To be sure, George Bush is not entirely responsible for the high rate of unemployment. For that, blame the Clinton administration and those Republicans and Democrats who support unconditional principals of free-markets and free trade without regard for its effect on American workers and farmers. The Bush administration has done nothing to stop corporate America's downsizing of jobs and outsourcing of products. And the record-breaking budget deficits that resulted from its tax-cutting policies have made ameliorative job-retraining measures unaffordable.

What makes the loss of jobs so worrisome is that the problem is structural rather than cyclical. Not even the information industry, which fueled the Clinton prosperity, is immune from this trend. An article in the Boston Globe (11/2/03), "As Economy Gains, Outsourcing Surges" describes 20,000 English-speaking Filipinos answering telephones for Dell Computer, Proctor & Gamble, American Express, Citibank from offices in downtown Manila. The once booming Silicon Valley has been hemorrhaging high-tech jobs to low-wage countries like India, Pakistan, and Russia.

The GNP is a false measure of a phony prosperity and an irrelevant indicator of America's future. People who care about the future need to look beyond the GNP statistic and ask hard questions about job loss and trade and budget deficits, about increasing economic disparity as the rich get richer, the poor face crises of housing and health care, and middle-income Americans pile up credit card debt; about environmental issues like global warming that are going to cause expensive and socially wrenching dislocation as tides rise and the climate changes.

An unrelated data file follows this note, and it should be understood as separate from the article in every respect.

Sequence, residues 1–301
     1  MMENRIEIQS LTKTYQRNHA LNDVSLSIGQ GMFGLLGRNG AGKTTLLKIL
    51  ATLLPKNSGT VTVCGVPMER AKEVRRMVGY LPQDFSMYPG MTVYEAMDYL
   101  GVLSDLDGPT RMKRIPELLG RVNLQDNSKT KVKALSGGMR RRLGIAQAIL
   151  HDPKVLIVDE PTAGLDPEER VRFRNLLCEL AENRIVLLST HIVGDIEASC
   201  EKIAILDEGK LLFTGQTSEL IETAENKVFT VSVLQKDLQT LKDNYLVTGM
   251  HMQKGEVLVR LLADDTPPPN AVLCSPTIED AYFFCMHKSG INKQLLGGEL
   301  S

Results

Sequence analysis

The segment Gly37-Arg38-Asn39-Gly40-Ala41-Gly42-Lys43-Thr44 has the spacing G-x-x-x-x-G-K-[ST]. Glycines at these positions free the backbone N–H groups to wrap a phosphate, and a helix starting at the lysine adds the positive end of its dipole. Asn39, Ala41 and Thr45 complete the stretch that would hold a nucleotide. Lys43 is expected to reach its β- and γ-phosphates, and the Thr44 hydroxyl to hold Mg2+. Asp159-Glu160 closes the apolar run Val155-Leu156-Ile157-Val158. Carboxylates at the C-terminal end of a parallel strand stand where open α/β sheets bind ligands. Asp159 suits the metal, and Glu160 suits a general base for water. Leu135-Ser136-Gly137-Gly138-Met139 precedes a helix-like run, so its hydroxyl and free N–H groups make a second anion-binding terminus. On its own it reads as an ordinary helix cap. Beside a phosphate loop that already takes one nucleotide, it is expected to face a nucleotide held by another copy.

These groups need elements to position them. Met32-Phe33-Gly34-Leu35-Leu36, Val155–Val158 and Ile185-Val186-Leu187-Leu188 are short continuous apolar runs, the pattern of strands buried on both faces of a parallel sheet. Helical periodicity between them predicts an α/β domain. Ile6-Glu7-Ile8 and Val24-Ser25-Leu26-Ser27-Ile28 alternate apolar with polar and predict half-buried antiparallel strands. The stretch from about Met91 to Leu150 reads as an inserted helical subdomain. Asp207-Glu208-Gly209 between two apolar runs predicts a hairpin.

The Bush administration argues that the rich will invest their tax-breaks in economic productivity. Some will. But gas-guzzling Humvees,
tax-sheltered oil wells, second homes in Vail and Vermont, and weekends in Vegas are not going to move our country forward. Private sector investment is focused on short-term profit, not long-term planning. The private sector will not strengthen Medicare or shore up social security. On its own, it will not fund health-care, education, affordable housing, energy efficiency, infrastructure projects, and crucial areas of research and development. (The Internet, recall, was funded by government money, not private investors). And because of the Bush tax cuts, the federal government will no longer have the financial resources to fund these basic necessities.

The Bush administration can claim credit for this brief spurt of growth and even for the cycle of prosperity that may follow. But in terms of the future, Bush's tax-cutting priorities and his economic and environmental policies of privilege and greed will only wreak havoc on our economy and hardship on our society.

Marty Jezer writes from Brattleboro, Vermont, and welcomes comments at mjez@sover.net.